The cultural experience of having a Moroccan Mint Tea is more than just sitting down for some refreshment. Not only is it incredibly tasty, but Moroccan Mint Tea is also great for health. Read about how to make this delicious tea the Moroccan way!
Moroccans provide this cooling tea, also known as Mahgrebi Tea or sometimes as Moorish tea or Atay, as a compulsory welcoming offer to anyone who enters their home, office, shop… anywhere, really!
When we visited Morocco, we found Moroccans to be most hospitable, so we were (thankfully) offered tea numerous times during our relatively short stay in the country.
There are several stories passed around about the origins of Moroccan mint tea. Starting with the Berbers in the 12th century, they continue on with claims that it was the British in the 18th century who first introduced Morocco to tea. No one really knows for sure – but all of the stories are exotic and the resulting custom benefits everyone, regardless of its source.
The main ingredient of Moroccan mint tea is a specialty green tea, (Camellia Sinensis) known as gunpowder tea. Gunpowder tea (which can be made from either black or green tea) originated in China, probably during the Tang Dynasty, from 618-907 CE. It is mostly cultivated in the Zhejiang province.
Gunpowder tea has large tea leaves and buds that are rolled into tiny balls resembling gunpowder pellets, from which the name (probably) stems. Rolling of the tea preserves its freshness longer than other teas, and preserves its full-bodied flavor. Although it used to be made by hand, these days only very high-end gunpowder tea is hand-rolled. Modern machinery now takes on the bulk of that laborious production process.
As with all green tea, gunpowder green tea contains caffeine, which gives a nice energy punch. The other two main healthy components of gunpowder tea are catechins and theanine.
These phytonutrients (plant nutrients) are high in anti-oxidants and provide several health benefits, including the following:
- immune system support
- stimulate metabolism for fat burning and easier weight loss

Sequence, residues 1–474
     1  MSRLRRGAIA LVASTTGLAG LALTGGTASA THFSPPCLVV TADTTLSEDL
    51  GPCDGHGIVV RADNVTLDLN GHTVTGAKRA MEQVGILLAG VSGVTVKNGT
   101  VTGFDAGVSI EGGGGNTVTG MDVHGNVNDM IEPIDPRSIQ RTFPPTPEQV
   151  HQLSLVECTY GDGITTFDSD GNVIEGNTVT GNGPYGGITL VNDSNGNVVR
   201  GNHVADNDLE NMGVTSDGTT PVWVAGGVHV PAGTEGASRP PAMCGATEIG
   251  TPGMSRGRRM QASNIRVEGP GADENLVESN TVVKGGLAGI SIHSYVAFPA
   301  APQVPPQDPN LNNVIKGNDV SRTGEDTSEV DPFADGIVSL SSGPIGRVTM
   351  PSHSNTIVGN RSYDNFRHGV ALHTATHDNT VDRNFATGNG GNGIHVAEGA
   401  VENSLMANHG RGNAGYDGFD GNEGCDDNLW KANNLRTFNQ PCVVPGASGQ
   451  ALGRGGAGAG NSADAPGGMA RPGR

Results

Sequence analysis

- improve heart health
- increase energy
- increase good cholesterol
- resolve digestive issues
- are anti-inflammatory, so help to reduce acne and improve skin appearance and tone
- reduce blood sugar
The type of mint used in traditional Moroccan mint tea is a variety of spearmint, also referred to as Nana, or simply, Moroccan mint. It grows in the mountainous regions of Morocco and has a sweet flavor, a bit fuller than other spearmint varieties. Moroccan mint provides additional health benefits such as:
- Aiding digestion
- Soothing respiratory ailments
- Acting as a general anti-inflammatory agent
Although spearmint is the most common mint used, you can also follow the same directions using peppermint. Another variety of Moroccan mint tea, known as Berber tea, is a popular option that includes other fresh herbs along with spearmint. They have excellent health benefits, too, for example:
- Lemon Verbena – soothing and good for digestion
- Wormwood (Artemisia absinthium) – antibacterial, cures fever, good for stomach
- Wild thyme – antimicrobial, soothing, anti-anxiety, eases hypertension
- Geranium – strengthens immune system, relieves tension, excellent for skin
- Sage – another member of the mint family, good for digestion, antiseptic, good for brain
Let’s Make Some Moroccan Mint Tea
Moroccan mint tea is easy to make! It’s basically just gunpowder green tea ✓ (I like to buy it in bulk to save money and also packaging), fresh spearmint leaves and lots of sugar! Traditionally, Moroccan’s follow a more elaborate procedure as per below, so you can try it out if you want to be more authentic. ?